Where does the number begin and end?

Look at your hands and your fingers, 1 to 5 on one hand and 6 to 10 on another. Doesn’t it look like 5 might be closer to 0? It wasn’t anything I contemplated recently until my students brought it up during Open Middle/Clothesline math session. Make a number that is closer to 200 than 300. Where is 250?

“I think, it is closer to 200, because you count 250 first.”

“Because a teacher told if it’s 50, you round down.”

This made me pause, “What about numbers from 0 to 10, Is 5 closer to 0 or to 10?”

“Closer to zero.”

“Raise your hand, if you think it’s closer to 0.” – More than half of the hands go up.

I did not expect this at all.

“I am not sure. Is 5.1 still 5? Where does the number begin and end?”

Developing the Question and the Claims

In the next few days I’ve been obsessed with this question and with the possible ways to approach it, and I think this question made it into most of the twitter chats. Kent Haines wrote about the rounding conversation in his blog.

In another conversation about natural numbers,  David Butler pushed my thinking in an unexpected direction when we started talking about calendar.

David Calendar Super Important

I wondered if that might have been the reason for my students’ uncertainty. Ordinal and Cardinal number duality causing a lot of confusion!

I was trying to figure out how to approach it when Malke Rosenfeld’s book, Math on the Move, finally arrived in the mail. The next day, I made four large number lines on the floor of my classroom.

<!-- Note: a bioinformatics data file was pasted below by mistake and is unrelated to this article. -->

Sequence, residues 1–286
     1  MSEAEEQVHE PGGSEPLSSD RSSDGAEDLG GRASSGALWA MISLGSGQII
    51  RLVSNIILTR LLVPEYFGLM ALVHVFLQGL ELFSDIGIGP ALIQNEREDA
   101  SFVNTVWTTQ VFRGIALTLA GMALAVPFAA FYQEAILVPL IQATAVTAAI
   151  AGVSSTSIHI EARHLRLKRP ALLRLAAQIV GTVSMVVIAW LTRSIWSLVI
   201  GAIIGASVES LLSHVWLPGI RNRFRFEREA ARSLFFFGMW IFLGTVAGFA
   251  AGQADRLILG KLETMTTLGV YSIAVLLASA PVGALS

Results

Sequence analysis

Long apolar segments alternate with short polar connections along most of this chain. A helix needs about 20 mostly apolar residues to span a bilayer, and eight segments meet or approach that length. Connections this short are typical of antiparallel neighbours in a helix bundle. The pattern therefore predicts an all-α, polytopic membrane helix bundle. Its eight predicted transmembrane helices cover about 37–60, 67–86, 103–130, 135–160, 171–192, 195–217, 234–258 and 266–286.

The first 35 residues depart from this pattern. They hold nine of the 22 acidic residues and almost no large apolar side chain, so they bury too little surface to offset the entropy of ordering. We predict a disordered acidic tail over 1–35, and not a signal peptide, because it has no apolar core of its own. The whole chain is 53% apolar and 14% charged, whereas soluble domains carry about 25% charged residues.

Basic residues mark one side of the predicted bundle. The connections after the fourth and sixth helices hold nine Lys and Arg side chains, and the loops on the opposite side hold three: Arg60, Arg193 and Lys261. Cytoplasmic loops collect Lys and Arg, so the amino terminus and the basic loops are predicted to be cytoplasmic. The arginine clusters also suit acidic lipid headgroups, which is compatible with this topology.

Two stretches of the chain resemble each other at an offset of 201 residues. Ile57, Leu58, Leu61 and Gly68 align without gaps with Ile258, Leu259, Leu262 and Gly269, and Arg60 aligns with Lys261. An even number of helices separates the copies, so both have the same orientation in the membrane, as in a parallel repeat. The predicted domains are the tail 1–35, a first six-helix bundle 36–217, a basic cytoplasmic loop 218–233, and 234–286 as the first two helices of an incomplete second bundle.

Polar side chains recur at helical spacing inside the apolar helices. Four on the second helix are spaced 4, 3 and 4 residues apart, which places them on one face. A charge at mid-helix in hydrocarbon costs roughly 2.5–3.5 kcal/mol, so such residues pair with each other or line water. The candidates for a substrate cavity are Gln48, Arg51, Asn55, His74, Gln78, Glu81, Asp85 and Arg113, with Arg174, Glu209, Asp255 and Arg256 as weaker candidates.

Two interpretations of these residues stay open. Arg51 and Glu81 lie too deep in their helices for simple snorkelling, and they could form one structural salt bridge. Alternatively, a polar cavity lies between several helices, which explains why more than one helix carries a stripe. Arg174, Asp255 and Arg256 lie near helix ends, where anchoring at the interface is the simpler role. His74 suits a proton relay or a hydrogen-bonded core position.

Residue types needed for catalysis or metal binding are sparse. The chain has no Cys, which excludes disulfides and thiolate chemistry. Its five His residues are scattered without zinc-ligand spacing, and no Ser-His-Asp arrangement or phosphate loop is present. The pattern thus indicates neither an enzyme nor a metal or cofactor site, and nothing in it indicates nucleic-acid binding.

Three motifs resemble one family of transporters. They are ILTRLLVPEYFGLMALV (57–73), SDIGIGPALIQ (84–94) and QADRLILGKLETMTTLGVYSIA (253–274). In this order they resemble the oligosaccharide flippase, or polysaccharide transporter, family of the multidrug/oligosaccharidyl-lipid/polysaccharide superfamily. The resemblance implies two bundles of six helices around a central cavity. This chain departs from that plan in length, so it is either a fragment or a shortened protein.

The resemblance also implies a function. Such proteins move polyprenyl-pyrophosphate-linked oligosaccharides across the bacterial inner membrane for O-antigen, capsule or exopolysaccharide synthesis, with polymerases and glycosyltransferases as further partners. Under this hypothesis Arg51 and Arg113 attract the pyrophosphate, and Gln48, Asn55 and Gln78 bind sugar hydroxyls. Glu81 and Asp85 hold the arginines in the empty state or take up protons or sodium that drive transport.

Students explored the line in groups to test their ideas and to discuss them.

S: “You start here (points at 0), you count 1, 2, 3, 4, 5, 6. But when I go to 10 if I count from 5, it’s 1, 2, 3, 4, 5.”

Me: ”Why does it change?”

S: “You don’t count 5 because you already counted it.”

Me: “Do you count your starting point?”

S: “Yea.”

Me: “So what happens if you count from 10?”

S: “It will still be 5!”

Me: “Try it.”

S: “1, 2, 3, 4, 5.. (stops)…. 6? It changes. When you walk up, 5 is closer to 10. When you walk down, 5 is closer to 0.”

We were thoroughly confused.

This time, Malke Rosenfeld, Sarah Caban, Simon Gregg and Kristin Gray joined the conversation and shared some ideas on using kid-sized math tools. The calendar also reappeared.

Simon Calendar 2Simon CalendarSimon Calendar 3

I didn’t want to stop just yet. The discussions were great, and I was looking for some structures to prompt students to verbalize their conjectures and to listen to each others’ arguments. After the recent online session with Kristin Gray at Mount Holyoke College, I’ve decided to start with the Talking Point and this time limit it to one statement to focus our conversation. Talking points helped students to find like-minded peers to do more proving together.

Developing Arguments and Revisiting Claims

We ended up making four teams as there was always one more popular claim. Each team got their own large number line and any other manipulatives or measuring tools that they could find in the classroom. Our most popular choices were meter sticks, snap cubes and balances. I also handed each group a set of cards with numbers 0 to 10 and some tape to arrange their numbers on the number line when and as needed. Some added fractions. Some took rulers to be precise.